Quick Words on a Slow Watch

When I pushed my face gingerly into the loving embrace of my first pair of Kirk’s, I knew I’d found a new way of looking at the world – and the world was going to find a new way of looking at me. From ocular necessity to style statement. Even without being able to focus on my reflection in the hand mirror, I knew the week it would take to get them glazed to my particularly wonky prescription was going to be agonising. But the wait was worth it: from the day they were delivered and for the next two years, when I arranged meetings with strangers, I would say ‘You’ll recognise me, I’m wearing the best glasses in the room.’ And I was always right.

I got a similar feeling of welcome but unexpected reassurance from the Slow Watches website. Their watches are more about what isn’t there than what is: no date, no second hand, no minute hand… Just the one hand, the hour hand, making one graceful 360° revolution every 24 hours.

The Lilliputians thought that Gulliver worshiped his watch as a god, since he did nothing without consulting it. In Lilliput, the Slow Watch is a timepiece for atheists. I would make a good Gulliver: ‘better an hour early than a second late’ is the mantra that has found me helping to set up many a party or glugging coffee outside a meeting venue.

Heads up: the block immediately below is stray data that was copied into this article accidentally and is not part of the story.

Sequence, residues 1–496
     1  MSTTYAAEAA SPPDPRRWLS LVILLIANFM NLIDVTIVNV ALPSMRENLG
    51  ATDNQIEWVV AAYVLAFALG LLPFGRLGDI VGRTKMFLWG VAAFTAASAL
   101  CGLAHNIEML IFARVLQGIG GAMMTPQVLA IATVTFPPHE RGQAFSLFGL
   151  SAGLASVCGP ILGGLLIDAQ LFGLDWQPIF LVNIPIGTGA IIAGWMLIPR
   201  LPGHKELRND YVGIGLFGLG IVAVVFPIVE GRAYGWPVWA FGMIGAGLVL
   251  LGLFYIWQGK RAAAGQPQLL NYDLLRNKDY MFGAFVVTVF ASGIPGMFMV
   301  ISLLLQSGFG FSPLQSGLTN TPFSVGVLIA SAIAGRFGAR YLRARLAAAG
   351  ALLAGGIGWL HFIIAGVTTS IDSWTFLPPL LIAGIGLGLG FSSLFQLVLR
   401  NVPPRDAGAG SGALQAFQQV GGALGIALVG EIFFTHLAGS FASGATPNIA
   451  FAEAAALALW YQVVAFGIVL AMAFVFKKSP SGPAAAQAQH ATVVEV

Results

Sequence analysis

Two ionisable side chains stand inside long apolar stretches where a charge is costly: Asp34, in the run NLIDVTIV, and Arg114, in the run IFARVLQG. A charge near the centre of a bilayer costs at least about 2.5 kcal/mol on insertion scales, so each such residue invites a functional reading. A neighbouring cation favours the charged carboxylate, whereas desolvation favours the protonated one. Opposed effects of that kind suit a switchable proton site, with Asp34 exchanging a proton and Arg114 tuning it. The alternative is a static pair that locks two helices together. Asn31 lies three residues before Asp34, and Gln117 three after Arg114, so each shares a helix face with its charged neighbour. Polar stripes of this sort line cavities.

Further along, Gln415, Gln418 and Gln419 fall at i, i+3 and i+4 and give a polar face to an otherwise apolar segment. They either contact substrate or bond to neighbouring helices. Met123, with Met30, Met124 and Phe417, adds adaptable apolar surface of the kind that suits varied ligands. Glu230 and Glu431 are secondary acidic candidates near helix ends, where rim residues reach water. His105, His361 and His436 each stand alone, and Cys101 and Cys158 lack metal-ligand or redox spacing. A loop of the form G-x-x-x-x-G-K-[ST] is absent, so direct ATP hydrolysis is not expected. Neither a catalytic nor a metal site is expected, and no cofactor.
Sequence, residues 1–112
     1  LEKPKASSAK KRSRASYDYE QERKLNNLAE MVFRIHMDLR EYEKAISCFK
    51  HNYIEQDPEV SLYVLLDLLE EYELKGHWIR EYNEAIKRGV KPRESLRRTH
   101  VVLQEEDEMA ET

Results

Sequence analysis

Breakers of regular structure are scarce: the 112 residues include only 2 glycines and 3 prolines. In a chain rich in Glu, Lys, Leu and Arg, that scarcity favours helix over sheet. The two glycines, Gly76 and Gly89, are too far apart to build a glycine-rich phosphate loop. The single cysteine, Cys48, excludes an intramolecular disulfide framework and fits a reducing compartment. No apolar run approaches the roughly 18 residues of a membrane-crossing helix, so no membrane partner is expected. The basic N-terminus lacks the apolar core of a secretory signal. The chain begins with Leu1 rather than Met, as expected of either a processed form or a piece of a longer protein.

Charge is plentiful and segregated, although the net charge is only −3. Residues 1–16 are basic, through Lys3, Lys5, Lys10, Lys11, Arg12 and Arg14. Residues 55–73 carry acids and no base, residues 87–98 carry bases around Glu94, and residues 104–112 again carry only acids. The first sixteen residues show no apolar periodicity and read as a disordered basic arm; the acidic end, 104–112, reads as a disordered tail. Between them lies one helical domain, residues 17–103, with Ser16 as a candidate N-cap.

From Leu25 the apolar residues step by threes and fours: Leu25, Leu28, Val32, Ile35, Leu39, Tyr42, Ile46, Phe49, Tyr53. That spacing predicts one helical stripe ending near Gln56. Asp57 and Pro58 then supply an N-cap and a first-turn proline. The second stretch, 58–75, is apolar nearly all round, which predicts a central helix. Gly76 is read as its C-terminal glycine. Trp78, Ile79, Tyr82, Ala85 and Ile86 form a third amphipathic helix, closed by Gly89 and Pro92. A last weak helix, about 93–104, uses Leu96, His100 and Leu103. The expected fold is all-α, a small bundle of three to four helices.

At around the £200 mark, these watches won’t break the bank, and I can certainly see one of these objects gracing the wrist of a certain type of entrepreneur – not the ball-breaking character-voids from The Apprentice, but one of those real people who creates soft and lovely businesses that customers feel cozy about. There is no automatic version – yet – which raises the question of how long it will take the wearer to realise that their Slow Watch has stopped entirely, but this will surely be the step that makes this a must-have for the sort of people who have people to make sure they are on time for things.

This philosophising is at odds with the highly functional look of the watch itself. Available in black, silver, steel and gold, plus a range of straps, the watch is a square block built around a reliable Swiss made Ronda Caliber 505.24H GMT Quartz movement. Watches are always a meeting of functional crafts and artistic design, but the design in this has been in creating the clean lines rather than fussy detail. Even the logo is absent from the face, which has been built to make the wearer more aware of where they are in their day, rather than where they are in an hour.

This could be the treatment for those of us who have raised punctuality above an art form and into actual pathology. The claim on the website is that the product ‘fundamentally changes the way you look at your watch and it will give you a much better consciousness about the progression of your day.’ Dispensing with the minutes means making the half hours matter, but I can already see a future of stood-up dates stretching ahead of me. I can also imagine biting the inside of my mouth in a panic as I try to work out which side of the quarter hour my watch is now reading. But I can also dream of a brave day dawning when I become relaxed about time: ‘it is what it is,’ I shall say to the departing train, catch myself about to order a flat white, and instead asking for a camomile tea.

Like the Kirk’s, I can see this watch changing my life – for better or ill, I cannot tell. One day, I might even turn up to a party when the crisps are already out.




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